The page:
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Up until firearms were invented, armies used archers for similar purposes. A well-timed volley, when one can't see the sky for the flying arrows, can have a demoralizing effect on the enemy in addition to the physical damage it is likely to cause.

In order for a volley to be well-timed, the archers had to take aim and shoot simultaneously, following a single order given by a single commander. Ever since the advent of firearms that order has been "Fire!"

Now imagine, say, a Roman centurion, his back to the archers standing in formation, waiting for his signal. He's watching the enemy's movements. Now he raises his hand. He waits. At last he judges that the right moment has come. He shouts a single word, sonorously enough to be heard by every single one of his archers ... What is that word?

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    For arrows, I suspect it would be "shoot" or "loose" or even "release".
    – Steve Bird
    Nov 5, 2015 at 7:17
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    Don't know what about Latin, but in Russian "стрелять" (to shoot) is definitely derived from "стрела" (arrow).
    – Matt
    Nov 5, 2015 at 7:45
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    @Ricky The only documentable medieval words of command for archers seem to have been "Knock"[sic] and "Streach"[sic]. That is, we may speculate, but have no sources. On the matter of vowels, there could be some difference in medieval pronounce, or even special "military" form.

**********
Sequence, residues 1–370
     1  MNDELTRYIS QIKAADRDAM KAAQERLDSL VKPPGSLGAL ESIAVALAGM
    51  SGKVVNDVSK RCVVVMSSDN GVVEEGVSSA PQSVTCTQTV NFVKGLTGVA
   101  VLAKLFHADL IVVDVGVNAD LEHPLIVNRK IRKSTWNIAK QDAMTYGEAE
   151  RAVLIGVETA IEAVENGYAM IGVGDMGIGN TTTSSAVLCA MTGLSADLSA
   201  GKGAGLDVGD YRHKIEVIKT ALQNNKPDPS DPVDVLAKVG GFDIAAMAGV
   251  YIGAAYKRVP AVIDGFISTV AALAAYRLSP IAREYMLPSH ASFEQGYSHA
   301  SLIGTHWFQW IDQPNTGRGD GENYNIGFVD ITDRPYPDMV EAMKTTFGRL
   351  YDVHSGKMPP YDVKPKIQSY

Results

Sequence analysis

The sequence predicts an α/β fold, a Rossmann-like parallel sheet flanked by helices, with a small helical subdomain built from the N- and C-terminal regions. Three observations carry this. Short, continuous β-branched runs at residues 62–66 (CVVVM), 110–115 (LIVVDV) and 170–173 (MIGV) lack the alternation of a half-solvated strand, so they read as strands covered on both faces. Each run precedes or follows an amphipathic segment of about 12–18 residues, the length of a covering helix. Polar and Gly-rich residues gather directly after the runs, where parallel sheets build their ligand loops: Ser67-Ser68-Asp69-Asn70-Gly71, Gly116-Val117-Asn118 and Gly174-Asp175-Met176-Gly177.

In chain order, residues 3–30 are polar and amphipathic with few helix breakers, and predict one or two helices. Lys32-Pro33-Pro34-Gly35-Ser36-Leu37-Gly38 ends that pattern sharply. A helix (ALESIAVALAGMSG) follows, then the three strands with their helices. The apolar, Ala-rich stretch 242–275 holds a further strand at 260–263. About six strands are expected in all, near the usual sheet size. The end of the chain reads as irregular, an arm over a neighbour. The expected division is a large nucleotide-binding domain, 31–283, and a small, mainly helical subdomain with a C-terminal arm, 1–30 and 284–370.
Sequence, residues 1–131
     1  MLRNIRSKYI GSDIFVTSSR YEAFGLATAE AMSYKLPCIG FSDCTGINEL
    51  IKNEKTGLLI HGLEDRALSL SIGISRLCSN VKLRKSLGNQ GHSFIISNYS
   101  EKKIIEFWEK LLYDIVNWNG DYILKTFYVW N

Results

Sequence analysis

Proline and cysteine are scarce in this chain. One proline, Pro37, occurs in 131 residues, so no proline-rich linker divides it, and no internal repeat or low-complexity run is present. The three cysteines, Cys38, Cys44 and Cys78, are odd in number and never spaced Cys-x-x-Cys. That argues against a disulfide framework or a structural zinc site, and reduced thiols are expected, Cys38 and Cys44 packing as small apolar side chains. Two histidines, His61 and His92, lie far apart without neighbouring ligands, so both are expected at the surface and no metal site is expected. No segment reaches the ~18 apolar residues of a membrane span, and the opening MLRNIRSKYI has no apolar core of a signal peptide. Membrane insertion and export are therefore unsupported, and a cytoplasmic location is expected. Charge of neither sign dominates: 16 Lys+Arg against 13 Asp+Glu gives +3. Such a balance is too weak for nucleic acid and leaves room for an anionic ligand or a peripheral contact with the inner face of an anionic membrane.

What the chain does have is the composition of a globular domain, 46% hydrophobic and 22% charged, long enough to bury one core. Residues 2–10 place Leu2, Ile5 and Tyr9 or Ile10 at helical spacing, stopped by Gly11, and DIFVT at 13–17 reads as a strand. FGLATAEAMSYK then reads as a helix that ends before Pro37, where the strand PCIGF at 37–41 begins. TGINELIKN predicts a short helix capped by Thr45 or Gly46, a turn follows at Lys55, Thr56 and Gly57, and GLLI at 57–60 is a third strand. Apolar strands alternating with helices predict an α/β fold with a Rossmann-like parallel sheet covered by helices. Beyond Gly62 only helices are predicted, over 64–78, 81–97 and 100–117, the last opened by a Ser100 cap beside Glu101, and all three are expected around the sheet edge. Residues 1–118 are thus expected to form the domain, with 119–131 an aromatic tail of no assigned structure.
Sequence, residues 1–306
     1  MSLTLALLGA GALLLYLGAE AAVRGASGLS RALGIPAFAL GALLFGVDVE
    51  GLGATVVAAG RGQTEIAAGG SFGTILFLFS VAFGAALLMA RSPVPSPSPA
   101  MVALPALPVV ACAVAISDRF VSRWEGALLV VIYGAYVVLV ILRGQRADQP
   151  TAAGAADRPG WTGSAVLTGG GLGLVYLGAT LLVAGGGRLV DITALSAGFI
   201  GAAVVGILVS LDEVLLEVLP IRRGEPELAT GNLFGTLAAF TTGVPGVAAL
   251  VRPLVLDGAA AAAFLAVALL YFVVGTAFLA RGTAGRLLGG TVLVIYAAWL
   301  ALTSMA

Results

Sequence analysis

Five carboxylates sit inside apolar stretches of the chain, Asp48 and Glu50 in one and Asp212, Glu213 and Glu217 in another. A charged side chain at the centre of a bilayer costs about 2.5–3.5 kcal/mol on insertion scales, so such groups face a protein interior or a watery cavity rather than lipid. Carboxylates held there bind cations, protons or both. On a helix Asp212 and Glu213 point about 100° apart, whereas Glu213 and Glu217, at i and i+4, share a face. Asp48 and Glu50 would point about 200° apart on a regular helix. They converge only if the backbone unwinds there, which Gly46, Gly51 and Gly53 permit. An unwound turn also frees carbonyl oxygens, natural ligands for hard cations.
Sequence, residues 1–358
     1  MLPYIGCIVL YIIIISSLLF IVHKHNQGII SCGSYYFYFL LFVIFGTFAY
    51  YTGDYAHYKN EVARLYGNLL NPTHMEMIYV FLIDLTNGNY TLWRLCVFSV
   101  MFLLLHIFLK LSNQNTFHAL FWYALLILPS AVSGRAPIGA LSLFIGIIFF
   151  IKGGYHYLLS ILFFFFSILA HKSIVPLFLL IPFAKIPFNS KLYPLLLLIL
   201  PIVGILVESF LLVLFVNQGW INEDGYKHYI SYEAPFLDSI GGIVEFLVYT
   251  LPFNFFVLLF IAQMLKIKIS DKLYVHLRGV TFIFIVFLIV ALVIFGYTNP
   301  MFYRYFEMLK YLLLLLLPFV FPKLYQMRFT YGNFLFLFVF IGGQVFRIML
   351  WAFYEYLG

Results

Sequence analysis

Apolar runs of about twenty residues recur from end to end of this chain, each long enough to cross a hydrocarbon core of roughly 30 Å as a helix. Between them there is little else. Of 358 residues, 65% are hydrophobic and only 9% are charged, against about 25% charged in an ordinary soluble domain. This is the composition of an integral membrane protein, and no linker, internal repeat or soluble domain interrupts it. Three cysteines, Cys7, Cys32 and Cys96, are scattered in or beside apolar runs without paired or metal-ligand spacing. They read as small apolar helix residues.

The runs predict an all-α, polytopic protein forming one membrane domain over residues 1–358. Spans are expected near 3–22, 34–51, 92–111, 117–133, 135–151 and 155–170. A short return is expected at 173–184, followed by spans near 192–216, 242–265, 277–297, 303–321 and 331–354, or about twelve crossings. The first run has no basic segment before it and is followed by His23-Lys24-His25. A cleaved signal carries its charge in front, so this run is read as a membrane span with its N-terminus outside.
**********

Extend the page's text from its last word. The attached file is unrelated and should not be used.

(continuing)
– Matt
    Nov 5, 2015 at 9:16
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    @Ricky So "Loose!" would be something King Harold, or one of his commanders, would should at the Battle of Hastings? Probably not. Loose is known only from 1200s. Also "Release" is impossible, as it's certainly of French origin.
    – Matt
    Nov 5, 2015 at 9:45

1 Answer 1

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Presumably a Roman Centurion would have used the Latin word sagittō.

CAUTION - I neither speak Latin nor do I study etymology, so what exists in an online Latin translator today may have little or no bearing on the archaic Latin used two millenia ago.

sagitto, no perf., ātum, 1, v. n. and a. [id.]. Neutr., to discharge arrows, to shoot with arrows (post-Aug. for sagittam jacere, etc.): hos equitare et sagittare docent, Just. 41, 2, 5; Curt. 7, 5, 42; Sol. 19 med.; Vulg. Psa. 10, 2; 63, 4.

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    BTW. Roman legionaries had no bows at all. Only some auxiliary units (sagittariorum) spesialised in archery. Not sure, if those auxiliaries were really commanded by centurions. Moreover, it could be that many guys in auxilias didn't speak Latin at all, so they got commands in their native language.
    – Matt
    Nov 5, 2015 at 18:05
  • Roman activities of any sort were always coordinated, at least in theory. Legionnaires did not drag rams and catapults on their backs either. So what.
    – Ricky
    Nov 5, 2015 at 18:11
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    @Ricky Legionaries had only javelins (pilum), which they used for mid-range attack (about 30 meters). So they just stayed in place, while archers were shooting.
    – Matt
    Nov 5, 2015 at 18:17
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    @Ricky Well, the archer unit commander may spoke Latin. But when he commanded to his soldiers "shoot", he, probably, said this in Greek (cf. Cretan archers). BTW. Roman nobles spoke Greek too.
    – Matt
    Nov 5, 2015 at 18:48
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    @Ricky: Seems to me you are forgetting all of: corps, fusilier, musket, musketeer; sergeant, corporal, lieutenant, lancer, corsair, and uncountable others adapted into other European languages from French Nov 8, 2015 at 1:04

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